Publicly available federal race and ethnicity COVID-19 data is currently usable and improving, although it shares many of the problems we’ve found in state-reported data.
Why Some States Won’t Share Race and Ethnicity Data on Vaccinations with the CDC—and Why That’s a Problem
We sent requests for data-use agreements to 56 states and territories to learn what vaccination data was being shared with the federal government. We found that several states—including California and Texas—aren’t sharing race and ethnicity data on vaccinations with the CDC, citing patient privacy laws. In better news, most states are.
We know COVID-19 is affecting Black, Indigenous, Latinx, and other people of color the most. But we need more and more standardized data to truly understand the impact to these communities—and to mitigate those disparities.
Only a third of states and territories with public vaccine data share information on the race and ethnicity of vaccine recipients, and those that do share it do so in highly unstandardized ways. But data from the federal government could answer the question of who’s getting vaccinated.
The federal government seems poised to provide high-quality data on vaccinations, but even a minimal dataset must answer key questions about who is getting vaccinated.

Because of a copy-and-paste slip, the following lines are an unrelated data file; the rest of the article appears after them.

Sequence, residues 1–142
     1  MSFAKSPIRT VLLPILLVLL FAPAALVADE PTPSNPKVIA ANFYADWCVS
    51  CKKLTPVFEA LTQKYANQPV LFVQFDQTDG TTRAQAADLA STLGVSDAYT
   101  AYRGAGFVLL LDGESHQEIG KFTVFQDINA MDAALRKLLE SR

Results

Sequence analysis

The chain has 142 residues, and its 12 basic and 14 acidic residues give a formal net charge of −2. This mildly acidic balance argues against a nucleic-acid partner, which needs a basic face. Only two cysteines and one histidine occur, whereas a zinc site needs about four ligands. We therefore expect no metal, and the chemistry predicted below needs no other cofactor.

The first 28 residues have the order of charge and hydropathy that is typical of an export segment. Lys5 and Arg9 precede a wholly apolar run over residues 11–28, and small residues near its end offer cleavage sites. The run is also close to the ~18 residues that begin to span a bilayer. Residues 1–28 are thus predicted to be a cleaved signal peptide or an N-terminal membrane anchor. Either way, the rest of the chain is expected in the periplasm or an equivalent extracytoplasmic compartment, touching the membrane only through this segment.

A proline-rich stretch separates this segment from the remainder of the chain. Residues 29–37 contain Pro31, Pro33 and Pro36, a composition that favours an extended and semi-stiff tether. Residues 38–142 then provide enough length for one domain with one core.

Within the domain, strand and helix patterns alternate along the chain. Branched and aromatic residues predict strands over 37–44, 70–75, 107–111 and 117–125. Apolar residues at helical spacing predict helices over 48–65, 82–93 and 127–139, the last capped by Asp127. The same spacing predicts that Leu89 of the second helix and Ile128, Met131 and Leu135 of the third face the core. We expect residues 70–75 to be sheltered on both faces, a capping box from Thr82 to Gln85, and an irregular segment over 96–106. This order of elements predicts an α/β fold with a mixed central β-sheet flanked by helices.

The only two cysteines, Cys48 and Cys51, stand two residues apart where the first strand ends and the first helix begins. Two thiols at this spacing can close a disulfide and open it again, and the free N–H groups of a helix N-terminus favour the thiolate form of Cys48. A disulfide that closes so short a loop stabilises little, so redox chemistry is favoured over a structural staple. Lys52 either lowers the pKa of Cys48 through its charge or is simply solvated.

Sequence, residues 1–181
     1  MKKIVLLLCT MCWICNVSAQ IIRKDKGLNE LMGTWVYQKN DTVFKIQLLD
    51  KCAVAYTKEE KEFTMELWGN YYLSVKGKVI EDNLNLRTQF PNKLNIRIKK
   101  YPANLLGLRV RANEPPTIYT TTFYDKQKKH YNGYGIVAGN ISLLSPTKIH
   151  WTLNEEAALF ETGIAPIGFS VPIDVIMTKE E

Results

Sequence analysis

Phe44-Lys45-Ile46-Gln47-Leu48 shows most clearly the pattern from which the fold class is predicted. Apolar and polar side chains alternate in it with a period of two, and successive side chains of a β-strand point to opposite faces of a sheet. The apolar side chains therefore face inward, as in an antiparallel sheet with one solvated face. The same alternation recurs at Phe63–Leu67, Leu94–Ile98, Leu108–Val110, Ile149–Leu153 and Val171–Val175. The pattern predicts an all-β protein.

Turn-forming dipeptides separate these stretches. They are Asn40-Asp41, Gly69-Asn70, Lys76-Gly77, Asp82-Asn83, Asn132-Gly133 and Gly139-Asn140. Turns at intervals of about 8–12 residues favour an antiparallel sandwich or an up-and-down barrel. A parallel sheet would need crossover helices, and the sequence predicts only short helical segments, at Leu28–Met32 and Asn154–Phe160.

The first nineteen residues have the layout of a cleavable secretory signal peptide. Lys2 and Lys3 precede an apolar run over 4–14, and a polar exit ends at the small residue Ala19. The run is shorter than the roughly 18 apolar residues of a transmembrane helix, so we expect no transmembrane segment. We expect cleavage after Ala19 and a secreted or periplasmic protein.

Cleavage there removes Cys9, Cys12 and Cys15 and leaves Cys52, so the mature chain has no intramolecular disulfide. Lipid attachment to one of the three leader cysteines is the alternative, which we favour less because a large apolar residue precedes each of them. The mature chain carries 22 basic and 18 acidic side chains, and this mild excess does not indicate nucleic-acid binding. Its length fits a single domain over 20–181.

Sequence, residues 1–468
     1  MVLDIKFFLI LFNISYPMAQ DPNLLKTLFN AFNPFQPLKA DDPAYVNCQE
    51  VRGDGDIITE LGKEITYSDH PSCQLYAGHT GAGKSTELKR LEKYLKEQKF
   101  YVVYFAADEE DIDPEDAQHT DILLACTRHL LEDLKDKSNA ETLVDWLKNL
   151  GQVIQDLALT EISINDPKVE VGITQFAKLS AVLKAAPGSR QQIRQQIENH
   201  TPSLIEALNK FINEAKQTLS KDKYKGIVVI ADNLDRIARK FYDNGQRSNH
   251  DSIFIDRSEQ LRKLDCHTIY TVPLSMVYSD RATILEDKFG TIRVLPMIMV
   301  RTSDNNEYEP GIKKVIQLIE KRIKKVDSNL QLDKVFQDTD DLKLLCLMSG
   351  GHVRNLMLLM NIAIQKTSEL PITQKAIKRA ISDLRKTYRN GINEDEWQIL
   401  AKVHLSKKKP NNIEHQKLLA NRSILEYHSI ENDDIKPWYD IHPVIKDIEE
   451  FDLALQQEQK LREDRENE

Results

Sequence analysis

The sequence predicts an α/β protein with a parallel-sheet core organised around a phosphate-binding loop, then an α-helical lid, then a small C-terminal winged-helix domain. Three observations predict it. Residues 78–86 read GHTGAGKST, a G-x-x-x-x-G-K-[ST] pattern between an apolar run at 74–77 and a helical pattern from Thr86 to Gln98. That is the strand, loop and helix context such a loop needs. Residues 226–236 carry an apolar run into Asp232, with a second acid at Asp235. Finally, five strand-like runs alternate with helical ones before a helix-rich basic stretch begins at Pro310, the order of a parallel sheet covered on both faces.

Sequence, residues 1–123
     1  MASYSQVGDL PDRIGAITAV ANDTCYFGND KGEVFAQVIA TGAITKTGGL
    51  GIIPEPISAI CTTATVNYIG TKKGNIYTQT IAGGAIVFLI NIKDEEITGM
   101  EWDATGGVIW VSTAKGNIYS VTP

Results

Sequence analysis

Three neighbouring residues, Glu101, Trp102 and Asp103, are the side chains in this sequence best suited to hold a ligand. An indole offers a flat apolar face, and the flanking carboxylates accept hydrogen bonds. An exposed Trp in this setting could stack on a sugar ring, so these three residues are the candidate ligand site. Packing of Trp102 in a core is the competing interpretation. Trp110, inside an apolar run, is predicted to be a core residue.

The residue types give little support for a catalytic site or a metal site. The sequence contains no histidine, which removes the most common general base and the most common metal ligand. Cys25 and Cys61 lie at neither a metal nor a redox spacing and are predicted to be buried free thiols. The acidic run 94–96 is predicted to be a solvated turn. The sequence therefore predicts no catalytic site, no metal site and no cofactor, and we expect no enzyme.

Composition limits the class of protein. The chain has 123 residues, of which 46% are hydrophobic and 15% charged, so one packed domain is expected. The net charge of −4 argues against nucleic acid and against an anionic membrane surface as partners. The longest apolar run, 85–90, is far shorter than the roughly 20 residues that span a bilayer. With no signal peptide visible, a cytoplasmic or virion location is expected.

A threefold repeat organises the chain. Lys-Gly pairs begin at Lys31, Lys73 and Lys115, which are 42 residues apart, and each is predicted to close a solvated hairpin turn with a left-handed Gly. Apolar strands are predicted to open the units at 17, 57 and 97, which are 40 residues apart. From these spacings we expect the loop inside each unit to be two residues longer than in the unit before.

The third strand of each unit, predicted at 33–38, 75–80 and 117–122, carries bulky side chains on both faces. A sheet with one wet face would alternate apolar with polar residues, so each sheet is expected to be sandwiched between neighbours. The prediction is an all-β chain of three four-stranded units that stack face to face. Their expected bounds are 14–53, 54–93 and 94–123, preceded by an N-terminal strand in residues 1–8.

Our new data collection tracks the spread of COVID-19 in 65 cities and counties across the United States, and it lets us see how fatality rates vary widely across geographies.
We track and analyze data from cities and counties, including breakdowns by race, ethnicity, and ZIP code when possible. The differences we find between cities, counties, and states give useful insights into response efforts.
Even with significant data unreported, the disproportionate impact of COVID-19 on communities of color is clear.
Early COVID-19 Race Data Shows Disproportionate Loss of Black Lives—It's Time for States to Release the Rest of the Data
We're still missing vital race and ethnicity data, but where the data is strongest—official COVID-19 death rates—the toll of longstanding public health inequities within Black communities is painfully clear. Five months into the US outbreak, several states are still not collecting or releasing complete demographic data required to address these disparities and safely re-open state economies. It's time for this to change.
The COVID-19 pandemic isn't affecting all communities the same way. That's why we're partnering with American University’s Antiracist Research & Policy Center to launch a new project: the COVID Racial Data Tracker.